The newly repaired roof of a service building at the Braidwood nuclear plant in Illinois sure looked nice, but Nature decided it would look even nicer over one of the plant’s outdoor power transformers. So, during a storm on January 18, 1996, Nature removed part of the roof from the building and placed it onto the transformer. Figure 1 shows a similar transformer.
The transformer may have looked better with its new canopy, but it didn’t work nearly as well. When the reactor was producing electricity, the power transformer increased the voltage of the electricity output by the plant’s main generator to the higher voltage of the transmission lines within the offsite electrical grid. Conversely, when the reactor was not operating, the power transformer decreased the voltage of the electricity coming into the plant from the electrical grid.
The new bonnet caused the power transformer to short out, interrupting the plant’s connection to one of its sources of offsite power. Both reactors at Braidwood remained operating at full power during the incident while workers undid Nature’s handiwork.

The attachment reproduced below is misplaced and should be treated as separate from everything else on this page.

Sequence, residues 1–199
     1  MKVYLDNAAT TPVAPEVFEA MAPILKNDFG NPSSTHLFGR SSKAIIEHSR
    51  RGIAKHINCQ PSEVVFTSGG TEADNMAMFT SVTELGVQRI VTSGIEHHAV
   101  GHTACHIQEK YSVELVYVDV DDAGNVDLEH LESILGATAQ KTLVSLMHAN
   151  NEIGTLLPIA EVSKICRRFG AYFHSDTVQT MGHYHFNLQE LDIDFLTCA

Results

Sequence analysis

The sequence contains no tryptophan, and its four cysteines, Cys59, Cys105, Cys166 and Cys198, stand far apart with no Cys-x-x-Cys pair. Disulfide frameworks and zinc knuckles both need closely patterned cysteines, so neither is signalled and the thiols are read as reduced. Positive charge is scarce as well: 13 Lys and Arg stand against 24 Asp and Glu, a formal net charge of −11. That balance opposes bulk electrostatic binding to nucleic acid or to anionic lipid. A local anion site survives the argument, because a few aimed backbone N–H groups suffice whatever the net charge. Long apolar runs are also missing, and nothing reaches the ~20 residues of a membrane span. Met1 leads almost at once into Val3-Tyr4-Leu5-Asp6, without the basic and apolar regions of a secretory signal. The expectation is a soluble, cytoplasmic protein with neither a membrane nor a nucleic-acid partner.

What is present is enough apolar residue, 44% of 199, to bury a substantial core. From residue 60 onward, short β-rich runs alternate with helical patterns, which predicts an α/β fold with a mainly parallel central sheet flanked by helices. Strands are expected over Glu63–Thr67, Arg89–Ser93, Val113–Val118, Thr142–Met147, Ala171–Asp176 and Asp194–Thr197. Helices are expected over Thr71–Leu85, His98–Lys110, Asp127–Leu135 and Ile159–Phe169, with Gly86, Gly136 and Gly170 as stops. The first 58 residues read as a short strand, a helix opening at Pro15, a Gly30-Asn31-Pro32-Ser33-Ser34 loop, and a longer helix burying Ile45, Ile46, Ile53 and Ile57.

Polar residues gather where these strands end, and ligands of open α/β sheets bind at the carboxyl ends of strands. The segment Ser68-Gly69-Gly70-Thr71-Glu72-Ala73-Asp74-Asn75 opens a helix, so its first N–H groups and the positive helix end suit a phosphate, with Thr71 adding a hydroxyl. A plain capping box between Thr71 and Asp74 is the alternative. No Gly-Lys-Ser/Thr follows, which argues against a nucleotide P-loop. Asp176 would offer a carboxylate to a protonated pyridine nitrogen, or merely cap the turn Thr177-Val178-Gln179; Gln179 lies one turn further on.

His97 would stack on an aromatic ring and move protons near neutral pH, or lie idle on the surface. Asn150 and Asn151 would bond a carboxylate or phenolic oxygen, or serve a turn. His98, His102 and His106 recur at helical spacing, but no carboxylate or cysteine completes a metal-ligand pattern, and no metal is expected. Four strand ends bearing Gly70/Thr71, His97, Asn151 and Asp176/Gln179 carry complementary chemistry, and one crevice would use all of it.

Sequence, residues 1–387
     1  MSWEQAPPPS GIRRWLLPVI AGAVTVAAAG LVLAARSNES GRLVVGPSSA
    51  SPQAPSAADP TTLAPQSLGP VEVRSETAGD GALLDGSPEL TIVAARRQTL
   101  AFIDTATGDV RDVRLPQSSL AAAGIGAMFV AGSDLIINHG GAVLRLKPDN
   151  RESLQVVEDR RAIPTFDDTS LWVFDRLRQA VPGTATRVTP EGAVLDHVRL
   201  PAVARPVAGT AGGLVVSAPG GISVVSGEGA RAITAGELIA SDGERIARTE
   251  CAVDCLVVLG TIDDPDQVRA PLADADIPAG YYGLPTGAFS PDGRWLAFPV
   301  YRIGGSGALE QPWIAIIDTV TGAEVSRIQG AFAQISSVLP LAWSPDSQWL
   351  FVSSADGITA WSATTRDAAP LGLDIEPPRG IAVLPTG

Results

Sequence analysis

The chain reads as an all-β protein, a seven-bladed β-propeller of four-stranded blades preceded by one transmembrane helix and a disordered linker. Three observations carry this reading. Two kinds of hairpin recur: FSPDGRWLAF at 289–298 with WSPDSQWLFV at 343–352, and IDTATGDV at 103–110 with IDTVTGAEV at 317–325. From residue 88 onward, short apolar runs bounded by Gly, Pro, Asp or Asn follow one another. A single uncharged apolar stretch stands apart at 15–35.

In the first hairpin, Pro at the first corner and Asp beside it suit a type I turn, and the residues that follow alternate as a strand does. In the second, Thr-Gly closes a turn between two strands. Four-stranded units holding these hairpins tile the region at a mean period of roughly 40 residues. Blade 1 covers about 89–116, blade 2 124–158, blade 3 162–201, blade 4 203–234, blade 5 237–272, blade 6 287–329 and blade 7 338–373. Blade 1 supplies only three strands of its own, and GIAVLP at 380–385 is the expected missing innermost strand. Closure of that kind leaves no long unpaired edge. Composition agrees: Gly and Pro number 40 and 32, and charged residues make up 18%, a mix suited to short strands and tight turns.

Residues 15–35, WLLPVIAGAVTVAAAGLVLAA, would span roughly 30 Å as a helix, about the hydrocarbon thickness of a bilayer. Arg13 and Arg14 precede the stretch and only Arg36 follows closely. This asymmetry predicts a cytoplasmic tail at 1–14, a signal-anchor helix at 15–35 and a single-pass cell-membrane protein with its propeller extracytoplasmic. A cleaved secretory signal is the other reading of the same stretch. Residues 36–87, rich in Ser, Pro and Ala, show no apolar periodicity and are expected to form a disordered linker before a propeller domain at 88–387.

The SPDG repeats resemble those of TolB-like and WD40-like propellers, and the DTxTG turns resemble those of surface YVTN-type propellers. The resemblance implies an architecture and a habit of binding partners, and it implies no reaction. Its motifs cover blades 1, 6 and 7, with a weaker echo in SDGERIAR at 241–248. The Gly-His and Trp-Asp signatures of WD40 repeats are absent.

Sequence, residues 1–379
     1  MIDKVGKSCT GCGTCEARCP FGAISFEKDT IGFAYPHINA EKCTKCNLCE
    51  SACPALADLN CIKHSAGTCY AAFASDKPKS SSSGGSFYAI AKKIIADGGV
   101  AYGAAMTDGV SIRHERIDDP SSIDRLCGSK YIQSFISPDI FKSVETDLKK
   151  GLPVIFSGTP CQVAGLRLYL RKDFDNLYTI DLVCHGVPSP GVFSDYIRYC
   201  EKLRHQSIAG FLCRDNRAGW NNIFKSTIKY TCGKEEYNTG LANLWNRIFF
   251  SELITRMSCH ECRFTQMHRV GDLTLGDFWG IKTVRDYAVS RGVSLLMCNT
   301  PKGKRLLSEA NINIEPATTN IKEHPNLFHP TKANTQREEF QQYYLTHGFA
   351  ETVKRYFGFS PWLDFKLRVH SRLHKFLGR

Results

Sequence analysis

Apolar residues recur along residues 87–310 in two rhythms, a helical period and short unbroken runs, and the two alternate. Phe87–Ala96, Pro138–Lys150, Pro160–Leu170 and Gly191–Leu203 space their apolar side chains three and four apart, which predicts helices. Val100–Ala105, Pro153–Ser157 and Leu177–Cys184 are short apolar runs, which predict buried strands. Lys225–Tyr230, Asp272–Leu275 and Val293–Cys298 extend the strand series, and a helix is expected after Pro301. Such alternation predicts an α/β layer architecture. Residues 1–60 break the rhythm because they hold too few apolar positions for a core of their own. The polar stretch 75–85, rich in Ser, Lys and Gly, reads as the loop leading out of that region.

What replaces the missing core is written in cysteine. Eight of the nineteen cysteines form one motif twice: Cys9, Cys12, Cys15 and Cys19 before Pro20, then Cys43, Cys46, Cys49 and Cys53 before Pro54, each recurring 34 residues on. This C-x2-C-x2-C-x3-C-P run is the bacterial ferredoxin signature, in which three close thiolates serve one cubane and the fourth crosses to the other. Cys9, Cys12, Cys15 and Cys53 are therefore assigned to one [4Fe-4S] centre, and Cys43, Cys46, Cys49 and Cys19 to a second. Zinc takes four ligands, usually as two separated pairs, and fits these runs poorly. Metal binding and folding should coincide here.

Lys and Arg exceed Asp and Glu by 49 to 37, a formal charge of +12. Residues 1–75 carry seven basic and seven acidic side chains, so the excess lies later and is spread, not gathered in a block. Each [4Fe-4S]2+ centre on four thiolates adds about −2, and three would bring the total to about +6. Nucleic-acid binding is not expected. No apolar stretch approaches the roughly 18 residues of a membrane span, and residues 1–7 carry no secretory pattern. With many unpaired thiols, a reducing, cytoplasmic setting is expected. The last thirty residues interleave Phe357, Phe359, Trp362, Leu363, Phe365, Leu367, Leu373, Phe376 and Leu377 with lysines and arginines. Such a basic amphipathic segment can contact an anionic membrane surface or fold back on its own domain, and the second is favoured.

Human nature replicated Nature’s feat 15 years later. On August 16, 2010, the Unit 2 reactor at Braidwood automatically and unexpectedly shut down from full power. Complications from that shutdown triggered the automatic and unexpected shutdown of the Unit 1 reactor from full power shortly afterwards.
Per design, relief valves automatically opened following the Unit 1 shutdown to discharge steam from the piping between the steam generators and the turbine. This steam jetted in the direction of the reactor containment building. The steam jet tore loose a section of the metal siding covering the upper portion of the containment building. Figure 2 shows the gap formed by the dislodged siding. Figure 3 shows part of the metal debris that fell across the power lines connecting Unit 1 with the offsite electrical grid.
Something similar had happened even earlier, On August 11, 1994, the Unit 1 reactor at Braidwood automatically and unexpectedly shut down from full power. Per the same design, relief valves automatically opened to discharge steam from the piping between the steam generators and the turbine. This steam tore loose part of the walkway atop the reactor containment building. Part of the dislodged debris penetrated through the turbine building roof.
About every five years, on average, Braidwood sheds building materials like snakes shed their skin. Whether caused by Nature or human nature, the flying debris can potentially damage equipment needed to safely shut down the reactors. Rather than applying band-aid patches to roofs and siding, Braidwood’s owners should seek more permanent solutions. For starters, not aiming the steam relief valves at the reactor containment building would seem to have some merit.
“Fission Stories” is a weekly feature by Dave Lochbaum. For more information on nuclear power safety, see the nuclear safety section of UCS’s website and our interactive map, the Nuclear Power Information Tracker.
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